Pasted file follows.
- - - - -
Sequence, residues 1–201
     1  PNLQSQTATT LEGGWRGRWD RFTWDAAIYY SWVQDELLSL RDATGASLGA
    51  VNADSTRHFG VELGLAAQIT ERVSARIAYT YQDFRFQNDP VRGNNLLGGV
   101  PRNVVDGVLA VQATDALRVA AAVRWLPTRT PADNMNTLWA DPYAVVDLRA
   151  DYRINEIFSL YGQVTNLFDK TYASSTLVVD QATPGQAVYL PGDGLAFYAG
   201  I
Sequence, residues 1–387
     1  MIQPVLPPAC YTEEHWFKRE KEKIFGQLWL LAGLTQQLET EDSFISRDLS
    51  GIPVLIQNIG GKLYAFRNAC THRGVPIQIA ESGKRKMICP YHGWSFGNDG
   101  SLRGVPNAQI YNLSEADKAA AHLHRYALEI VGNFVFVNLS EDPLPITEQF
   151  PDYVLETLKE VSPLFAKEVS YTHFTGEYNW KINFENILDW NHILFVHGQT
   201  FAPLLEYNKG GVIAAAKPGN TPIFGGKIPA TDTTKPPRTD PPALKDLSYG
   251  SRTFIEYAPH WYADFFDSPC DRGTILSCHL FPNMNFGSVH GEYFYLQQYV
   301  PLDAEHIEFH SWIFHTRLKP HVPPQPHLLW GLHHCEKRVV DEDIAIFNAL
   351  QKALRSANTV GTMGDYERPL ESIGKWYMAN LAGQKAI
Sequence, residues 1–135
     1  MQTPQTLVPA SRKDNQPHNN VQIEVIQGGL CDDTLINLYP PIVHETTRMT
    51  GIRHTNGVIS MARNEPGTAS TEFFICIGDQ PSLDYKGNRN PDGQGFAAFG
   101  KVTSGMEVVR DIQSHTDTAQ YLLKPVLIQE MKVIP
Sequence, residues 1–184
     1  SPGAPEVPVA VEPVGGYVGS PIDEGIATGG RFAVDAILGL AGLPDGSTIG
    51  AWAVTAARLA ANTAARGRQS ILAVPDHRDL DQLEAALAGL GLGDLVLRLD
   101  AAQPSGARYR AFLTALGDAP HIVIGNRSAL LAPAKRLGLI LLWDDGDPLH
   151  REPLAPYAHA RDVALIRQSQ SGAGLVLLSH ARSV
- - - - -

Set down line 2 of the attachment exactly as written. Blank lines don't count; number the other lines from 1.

     1  PNLQSQTATT LEGGWRGRWD RFTWDAAIYY SWVQDELLSL RDATGASLGA